ery," Rodriguez said. “Some are furious because they were lied to; some even go back to Judaism.” In researching her own family history, Rodriguez discovered that the name Rodriguez appears frequently on lists of surnames of families forced to convert. She hasn’t taken the lowcost genetic test now available that could cast light on her ethnic heritage. Diana Bryer, another New Mexico artist, whose depicts secret Sephardic symbols like six-pointed roses and families holding secret seders, said she has had moments of recognition, too. “One person came over to me and said, ‘I think I have Jewish roots. There are things in here that my family did,’ ” said Bryer, who comes from an Ashkenazi Jewish background. “People have feelings, and those feelings should be acknowledged.”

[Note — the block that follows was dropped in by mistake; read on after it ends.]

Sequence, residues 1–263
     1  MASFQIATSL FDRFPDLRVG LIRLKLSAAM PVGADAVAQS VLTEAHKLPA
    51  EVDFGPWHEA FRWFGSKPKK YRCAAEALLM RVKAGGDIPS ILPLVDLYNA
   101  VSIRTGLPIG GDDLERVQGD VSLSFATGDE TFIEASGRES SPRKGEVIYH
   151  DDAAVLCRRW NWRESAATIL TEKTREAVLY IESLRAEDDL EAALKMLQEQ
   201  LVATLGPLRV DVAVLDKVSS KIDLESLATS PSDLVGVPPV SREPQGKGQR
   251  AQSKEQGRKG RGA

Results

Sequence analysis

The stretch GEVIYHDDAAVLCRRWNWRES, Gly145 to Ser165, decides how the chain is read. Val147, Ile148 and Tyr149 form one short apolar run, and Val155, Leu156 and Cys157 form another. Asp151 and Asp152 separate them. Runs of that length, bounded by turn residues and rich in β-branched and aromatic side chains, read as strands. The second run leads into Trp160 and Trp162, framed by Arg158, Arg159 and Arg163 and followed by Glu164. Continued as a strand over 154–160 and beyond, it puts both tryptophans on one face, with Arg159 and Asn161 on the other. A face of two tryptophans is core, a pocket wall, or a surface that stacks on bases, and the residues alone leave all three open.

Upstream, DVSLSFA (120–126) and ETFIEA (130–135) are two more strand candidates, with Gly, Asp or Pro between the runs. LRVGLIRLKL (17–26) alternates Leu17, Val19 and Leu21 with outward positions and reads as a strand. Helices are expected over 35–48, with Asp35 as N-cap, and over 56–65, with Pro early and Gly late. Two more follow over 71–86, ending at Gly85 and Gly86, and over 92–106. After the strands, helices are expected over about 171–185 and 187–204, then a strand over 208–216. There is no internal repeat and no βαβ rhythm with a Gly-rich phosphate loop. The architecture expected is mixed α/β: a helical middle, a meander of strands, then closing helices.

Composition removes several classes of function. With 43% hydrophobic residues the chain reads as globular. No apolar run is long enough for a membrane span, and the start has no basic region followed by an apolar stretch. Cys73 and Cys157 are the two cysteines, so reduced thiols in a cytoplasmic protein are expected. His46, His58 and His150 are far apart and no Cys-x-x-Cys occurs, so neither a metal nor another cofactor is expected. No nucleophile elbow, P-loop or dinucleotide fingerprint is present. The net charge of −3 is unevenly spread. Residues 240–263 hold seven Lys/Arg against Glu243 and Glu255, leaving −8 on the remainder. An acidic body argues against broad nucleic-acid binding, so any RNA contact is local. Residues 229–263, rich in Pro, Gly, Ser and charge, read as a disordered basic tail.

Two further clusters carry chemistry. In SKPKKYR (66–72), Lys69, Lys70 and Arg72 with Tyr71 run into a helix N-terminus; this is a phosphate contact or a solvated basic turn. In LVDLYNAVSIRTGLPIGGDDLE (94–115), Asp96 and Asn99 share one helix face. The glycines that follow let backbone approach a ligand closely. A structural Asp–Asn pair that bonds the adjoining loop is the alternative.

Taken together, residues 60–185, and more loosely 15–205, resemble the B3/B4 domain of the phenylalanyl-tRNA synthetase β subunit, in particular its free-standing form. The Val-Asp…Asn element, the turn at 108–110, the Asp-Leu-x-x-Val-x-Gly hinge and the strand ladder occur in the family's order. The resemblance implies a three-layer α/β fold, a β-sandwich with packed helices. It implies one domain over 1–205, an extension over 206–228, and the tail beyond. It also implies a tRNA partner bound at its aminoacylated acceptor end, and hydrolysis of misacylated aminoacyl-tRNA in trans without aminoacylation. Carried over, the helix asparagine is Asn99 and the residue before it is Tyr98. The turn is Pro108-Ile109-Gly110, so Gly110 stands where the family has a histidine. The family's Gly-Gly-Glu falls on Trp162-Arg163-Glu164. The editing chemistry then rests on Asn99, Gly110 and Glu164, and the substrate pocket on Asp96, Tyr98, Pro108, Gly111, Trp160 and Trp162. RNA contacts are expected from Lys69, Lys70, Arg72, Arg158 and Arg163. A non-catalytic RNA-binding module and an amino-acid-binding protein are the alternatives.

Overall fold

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This year, old question may yield new answers What are you doing on December 25 this year? The answer may depend on your tradition; that is, you may normally volunteer on that day or, like many Jewish people, you may go out for Chinese food. You may even be looking to do something different. December 25 is the day that Jewish volunteers often assume responsibility for feeding the hungry at soup kitchens or for visiting the sick while fellow volunteers observe the Christmas holiday. The Jewish Federation of Lehigh Valley is coordinating Meals on Wheels deliveries for December 25. For the past few years, the Bethlehem churches have gathered gifts for the residents of Good Shepherd Rehabilitation Center. “They usually call Rabbi Juda, knowing we are available to help out,” said Betsy Glazier, one of several volunteers who have gone to Good Shepherd on December 25 to help feed the residents and distribute the gifts. “Sometimes we actually have to help open the gifts for the residents,” Glazier said. “The people are all ages, and some are severely disabled, whether due to accidents or conditions like M.S.” The Toland family of Allentown enjoys the day for the family time it offers. “For the last several years, we’ve gone to the movies together with [another] family and then we’ve all gone out to an Asian restaurant,” said Dr. Rima Toland. This year, the Jewish Community Center adds to the available options with its pancake breakfast and activities throughout the morning. To learn more about the event, see ad on page 16. And, this month, Sandi Teplitz offers us recipes for a delicious Asian meal that you can cook for family or friends. However you spend your time off of work or school, the staff at HAKOL hopes that you stay safe and warm.